PET and HDPE recyclers continue to be troubled by bale quality, low yields and challenges related to recycled resin prices and demand.
Roughly 75 percent of high density polyethylene reclaimers and roughly two-thirds of PET reclaimers said the quality of materials they had received declined in 2009, according to the fourth annual survey conducted by Plastics Recycling Update newletter. Not one reclaimer surveyed said material quality had improved.
PET reclaimers said their yields were only 73.1 percent in 2009, down 10 percentage points since 2007. Similarly, 51 percent of HDPE reclaimers said the level of contaminated resin in 2009 had risen, according to the survey results, which were presented last month at Plastics Recycling 2010 in Austin.
However, there were some clear differences between how PET and HDPE recyclers fared in 2009.
While PET capacity utilization was in the low 70s, down from the low 90s in 2007, HDPE capacity utilization was at an all-time high of 87 percent. And while 50 percent of HDPE reclaimers said it was harder to secure baled bottles in 2009, two-thirds of PET reclaimers said it was easier.
In addition, 40 percent of HDPE reclaimers said their volumes increased in 2009 and 40 percent said volumes were down; while 53.8 percent of PET reclaimers said volumes increased in 2009 and only 15.4 percent said volumes declined.
In general, recyclers were optimistic about the opportunities to sell recycled resin into the food and beverage, film and sheet and non-food segments. Fiber and strapping markets also were consistently listed as a strong growth market although by slightly fewer companies than the year before, said Henry Leineweber, associate editor of Resource Recycling magazine, who presented the data.
Resource Recycling and Plastics Recycling Update are affiliated publications based in Portland, Ore.
Not surprisingly, 71.4 percent of PET reclaimers, 60 percent of HDPE reclaimers and 65.2 percent of all other reclaimers said market conditions in 2009 were worse than the year before, contributing to an across-the-board drop of 10 percent in operating margins, Leineweber said.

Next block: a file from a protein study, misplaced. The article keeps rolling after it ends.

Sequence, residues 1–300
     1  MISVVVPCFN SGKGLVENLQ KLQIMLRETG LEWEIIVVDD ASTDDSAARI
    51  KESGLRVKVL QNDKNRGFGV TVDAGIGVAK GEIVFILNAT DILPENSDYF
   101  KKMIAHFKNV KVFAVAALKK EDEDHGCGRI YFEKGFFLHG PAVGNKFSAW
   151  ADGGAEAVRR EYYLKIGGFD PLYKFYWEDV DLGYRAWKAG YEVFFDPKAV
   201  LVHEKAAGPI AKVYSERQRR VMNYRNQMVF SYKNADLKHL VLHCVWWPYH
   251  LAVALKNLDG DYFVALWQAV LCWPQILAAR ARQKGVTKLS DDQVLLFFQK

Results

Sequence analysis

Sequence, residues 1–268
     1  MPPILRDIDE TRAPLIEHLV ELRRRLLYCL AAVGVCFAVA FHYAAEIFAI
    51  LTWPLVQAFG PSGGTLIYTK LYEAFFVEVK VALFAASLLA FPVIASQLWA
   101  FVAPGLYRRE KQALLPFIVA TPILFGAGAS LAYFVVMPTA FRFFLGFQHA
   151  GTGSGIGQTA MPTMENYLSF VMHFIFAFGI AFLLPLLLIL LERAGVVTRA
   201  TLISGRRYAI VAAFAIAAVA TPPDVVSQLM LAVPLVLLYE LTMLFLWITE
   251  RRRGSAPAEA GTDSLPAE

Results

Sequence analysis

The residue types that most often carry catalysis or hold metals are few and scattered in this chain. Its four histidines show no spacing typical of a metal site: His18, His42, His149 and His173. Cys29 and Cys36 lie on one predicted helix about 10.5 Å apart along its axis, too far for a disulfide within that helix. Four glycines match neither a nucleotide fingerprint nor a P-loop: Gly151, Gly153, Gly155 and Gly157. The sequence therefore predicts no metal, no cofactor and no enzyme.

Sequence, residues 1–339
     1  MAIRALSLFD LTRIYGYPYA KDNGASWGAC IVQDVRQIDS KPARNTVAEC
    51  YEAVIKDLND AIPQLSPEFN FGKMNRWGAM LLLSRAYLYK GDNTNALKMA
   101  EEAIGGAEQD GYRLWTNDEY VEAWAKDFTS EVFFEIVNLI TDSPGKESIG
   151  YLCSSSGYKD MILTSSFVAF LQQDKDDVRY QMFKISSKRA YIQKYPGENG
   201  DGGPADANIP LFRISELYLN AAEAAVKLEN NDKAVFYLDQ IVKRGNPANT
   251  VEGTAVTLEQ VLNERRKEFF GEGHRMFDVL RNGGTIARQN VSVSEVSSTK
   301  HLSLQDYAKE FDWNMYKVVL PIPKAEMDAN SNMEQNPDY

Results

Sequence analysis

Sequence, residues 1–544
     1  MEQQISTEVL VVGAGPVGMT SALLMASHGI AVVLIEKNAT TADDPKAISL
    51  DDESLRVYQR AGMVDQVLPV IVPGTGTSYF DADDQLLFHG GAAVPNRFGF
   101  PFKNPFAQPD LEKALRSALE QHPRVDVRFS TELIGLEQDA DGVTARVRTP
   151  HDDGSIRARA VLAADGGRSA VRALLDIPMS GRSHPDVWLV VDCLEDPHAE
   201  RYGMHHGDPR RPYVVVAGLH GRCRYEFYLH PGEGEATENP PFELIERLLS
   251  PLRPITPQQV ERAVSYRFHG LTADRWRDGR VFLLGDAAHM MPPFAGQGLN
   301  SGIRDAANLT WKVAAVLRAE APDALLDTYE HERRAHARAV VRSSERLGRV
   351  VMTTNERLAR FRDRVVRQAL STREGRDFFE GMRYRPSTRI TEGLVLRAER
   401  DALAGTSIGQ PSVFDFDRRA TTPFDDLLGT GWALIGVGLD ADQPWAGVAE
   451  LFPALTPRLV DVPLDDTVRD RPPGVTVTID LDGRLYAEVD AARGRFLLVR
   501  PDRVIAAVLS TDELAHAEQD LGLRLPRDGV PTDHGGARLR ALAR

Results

Recyclers said the largest barriers to growth were material contamination, bale costs, increased competition, and recycled resin prices and demand including the prices of virgin material compared with recycled resins.
They also said light-weighting in response to sustainability initiatives had reduced the amount of PET used to make bottles by 5.6 percent and the amount of HDPE used by 8.6 percent.
To compensate for market conditions, 80 percent of PET and HDPE reclaimers made investments to become more efficient, and 55-60 percent sought new end markets. More than 70 percent of PET reclaimers sought new sources of supply, but only 40 percent of HDPE reclaimers did so.
PET and HDPE reclaimers unanimously agreed that better collection needs to the top future industry agendas, followed by consumer education and legislative advocacy.
Some 86 percent of PET reclaimers, 60 percent of HDPE reclaimers and 72 percent of all others said they support container-deposit legislation. There was less agreement, however, on single-stream recycling, with 80 percent of HDPE, 43 percent of PET and 61 percent of all other reclaimers in support of it.
Nearly 29 percent of PET and HDPE reclaimers said they recycled polyethylene film and wrap; 28 percent, non-bottle rigid plastics; 7.1 percent, electronics-related plastic; and 35.7 percent, plastics with resin identification codes of 3-7.
More than two-dozen PET and HDPE recyclers and more than 90 reclaimers of all types of plastics resins were surveyed for the report, with additional data provided by the Washington-based Association of Postconsumer Plastic Recyclers and the National Association for PET Container Resources in Sonoma, Calif.
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